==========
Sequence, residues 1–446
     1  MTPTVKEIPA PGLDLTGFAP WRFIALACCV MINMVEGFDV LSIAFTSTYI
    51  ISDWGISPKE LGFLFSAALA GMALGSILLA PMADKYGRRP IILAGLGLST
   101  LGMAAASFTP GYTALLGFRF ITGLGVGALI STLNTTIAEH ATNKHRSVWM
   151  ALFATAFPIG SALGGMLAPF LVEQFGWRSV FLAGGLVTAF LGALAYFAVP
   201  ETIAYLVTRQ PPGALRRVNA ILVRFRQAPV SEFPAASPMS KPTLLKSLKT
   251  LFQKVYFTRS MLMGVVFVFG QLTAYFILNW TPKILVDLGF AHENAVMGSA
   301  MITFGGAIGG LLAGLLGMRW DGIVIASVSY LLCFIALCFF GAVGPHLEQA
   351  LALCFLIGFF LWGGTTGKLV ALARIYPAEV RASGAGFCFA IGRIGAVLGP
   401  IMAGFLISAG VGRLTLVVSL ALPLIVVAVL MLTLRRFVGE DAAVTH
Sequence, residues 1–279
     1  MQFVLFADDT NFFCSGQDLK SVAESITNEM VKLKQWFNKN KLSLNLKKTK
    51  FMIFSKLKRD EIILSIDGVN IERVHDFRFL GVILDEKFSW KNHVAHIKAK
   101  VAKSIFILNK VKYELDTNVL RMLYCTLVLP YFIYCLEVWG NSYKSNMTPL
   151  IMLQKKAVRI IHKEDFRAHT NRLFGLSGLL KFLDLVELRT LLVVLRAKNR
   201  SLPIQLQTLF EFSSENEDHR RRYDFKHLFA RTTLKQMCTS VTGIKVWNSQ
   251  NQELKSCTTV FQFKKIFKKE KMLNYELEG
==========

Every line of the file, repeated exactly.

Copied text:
Sequence, residues 1–446
     1  MTPTVKEIPA PGLDLTGFAP WRFIALACCV MINMVEGFDV LSIAFTSTYI
    51  ISDWGISPKE LGFLFSAALA GMALGSILLA PMADKYGRRP IILAGLGLST
   101  LGMAAASFTP GYTALLGFRF ITGLGVGALI STLNTTIAEH ATNKHRSVWM
   151  ALFATAFPIG SALGGMLAPF LVEQFGWRSV FLAGGLVTAF LGALAYFAVP
   201  ETIAYLVTRQ PPGALRRVNA ILVRFRQAPV SEFPAASPMS KPTLLKSLKT
   251  LFQKVYFTRS MLMGVVFVFG QLTAYFILNW TPKILVDLGF AHENAVMGSA
   301  MITFGGAIGG LLAGLLGMRW DGIVIASVSY LLCFIALCFF GAVGPHLEQA
   351  LALCFLIGFF LWGGTTGKLV ALARIYPAEV RASGAGFCFA IGRIGAVLGP
   401  IMAGFLISAG VGRLTLVVSL ALPLIVVAVL MLTLRRFVGE DAAVTH
Sequence, residues 1–279
     1  MQFVLFADDT NFFCSGQDLK SVAESITNEM VKLKQWFNKN KLSLNLKKTK
    51  FMIFSKLKRD EIILSIDGVN IERVHDFRFL GVILDEKFSW KNHVAHIKAK
   101  VAKSIFILNK VKYELDTNVL RMLYCTLVLP YFIYCLEVWG NSYKSNMTPL
   151  IMLQKKAVRI IHKEDFRAHT NRLFGLSGLL KFLDLVELRT LLVVLRAKNR
   201  SLPIQLQTLF EFSSENEDHR RRYDFKHLFA RTTLKQMCTS VTGIKVWNSQ
   251  NQELKSCTTV FQFKKIFKKE KMLNYELEG